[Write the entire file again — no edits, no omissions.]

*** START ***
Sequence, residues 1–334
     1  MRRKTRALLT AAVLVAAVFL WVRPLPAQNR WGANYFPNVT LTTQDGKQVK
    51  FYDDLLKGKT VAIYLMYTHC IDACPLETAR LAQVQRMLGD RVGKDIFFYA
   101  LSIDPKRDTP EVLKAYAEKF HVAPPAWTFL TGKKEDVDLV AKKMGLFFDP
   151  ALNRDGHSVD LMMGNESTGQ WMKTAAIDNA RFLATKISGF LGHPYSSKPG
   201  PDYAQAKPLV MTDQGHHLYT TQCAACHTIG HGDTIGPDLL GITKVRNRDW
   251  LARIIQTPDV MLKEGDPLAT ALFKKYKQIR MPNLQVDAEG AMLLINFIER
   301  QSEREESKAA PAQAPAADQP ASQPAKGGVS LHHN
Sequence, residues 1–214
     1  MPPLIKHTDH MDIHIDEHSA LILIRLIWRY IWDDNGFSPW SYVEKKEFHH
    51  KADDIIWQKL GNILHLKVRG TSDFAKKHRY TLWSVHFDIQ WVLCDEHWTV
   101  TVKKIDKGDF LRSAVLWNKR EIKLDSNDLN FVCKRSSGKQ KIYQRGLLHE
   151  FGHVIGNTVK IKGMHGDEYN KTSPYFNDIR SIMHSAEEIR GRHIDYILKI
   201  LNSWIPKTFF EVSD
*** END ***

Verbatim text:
Sequence, residues 1–334
     1  MRRKTRALLT AAVLVAAVFL WVRPLPAQNR WGANYFPNVT LTTQDGKQVK
    51  FYDDLLKGKT VAIYLMYTHC IDACPLETAR LAQVQRMLGD RVGKDIFFYA
   101  LSIDPKRDTP EVLKAYAEKF HVAPPAWTFL TGKKEDVDLV AKKMGLFFDP
   151  ALNRDGHSVD LMMGNESTGQ WMKTAAIDNA RFLATKISGF LGHPYSSKPG
   201  PDYAQAKPLV MTDQGHHLYT TQCAACHTIG HGDTIGPDLL GITKVRNRDW
   251  LARIIQTPDV MLKEGDPLAT ALFKKYKQIR MPNLQVDAEG AMLLINFIER
   301  QSEREESKAA PAQAPAADQP ASQPAKGGVS LHHN
Sequence, residues 1–214
     1  MPPLIKHTDH MDIHIDEHSA LILIRLIWRY IWDDNGFSPW SYVEKKEFHH
    51  KADDIIWQKL GNILHLKVRG TSDFAKKHRY TLWSVHFDIQ WVLCDEHWTV
   101  TVKKIDKGDF LRSAVLWNKR EIKLDSNDLN FVCKRSSGKQ KIYQRGLLHE
   151  FGHVIGNTVK IKGMHGDEYN KTSPYFNDIR SIMHSAEEIR GRHIDYILKI
   201  LNSWIPKTFF EVSD